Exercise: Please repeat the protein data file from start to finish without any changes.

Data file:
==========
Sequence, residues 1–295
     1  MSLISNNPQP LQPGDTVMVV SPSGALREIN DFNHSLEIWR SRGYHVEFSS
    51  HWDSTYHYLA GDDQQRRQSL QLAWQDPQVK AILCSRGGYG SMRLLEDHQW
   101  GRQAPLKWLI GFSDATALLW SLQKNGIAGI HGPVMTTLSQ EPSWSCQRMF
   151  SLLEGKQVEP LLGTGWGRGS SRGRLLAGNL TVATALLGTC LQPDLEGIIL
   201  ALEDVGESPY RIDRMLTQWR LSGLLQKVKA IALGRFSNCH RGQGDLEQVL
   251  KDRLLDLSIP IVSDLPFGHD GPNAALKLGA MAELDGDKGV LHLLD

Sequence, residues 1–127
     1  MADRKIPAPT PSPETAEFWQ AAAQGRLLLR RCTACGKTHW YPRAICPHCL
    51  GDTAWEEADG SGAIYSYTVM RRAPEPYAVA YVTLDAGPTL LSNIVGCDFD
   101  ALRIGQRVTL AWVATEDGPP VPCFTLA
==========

Sequence, residues 1–295
     1  MSLISNNPQP LQPGDTVMVV SPSGALREIN DFNHSLEIWR SRGYHVEFSS
    51  HWDSTYHYLA GDDQQRRQSL QLAWQDPQVK AILCSRGGYG SMRLLEDHQW
   101  GRQAPLKWLI GFSDATALLW SLQKNGIAGI HGPVMTTLSQ EPSWSCQRMF
   151  SLLEGKQVEP LLGTGWGRGS SRGRLLAGNL TVATALLGTC LQPDLEGIIL
   201  ALEDVGESPY RIDRMLTQWR LSGLLQKVKA IALGRFSNCH RGQGDLEQVL
   251  KDRLLDLSIP IVSDLPFGHD GPNAALKLGA MAELDGDKGV LHLLD

Sequence, residues 1–127
     1  MADRKIPAPT PSPETAEFWQ AAAQGRLLLR RCTACGKTHW YPRAICPHCL
    51  GDTAWEEADG SGAIYSYTVM RRAPEPYAVA YVTLDAGPTL LSNIVGCDFD
   101  ALRIGQRVTL AWVATEDGPP VPCFTLA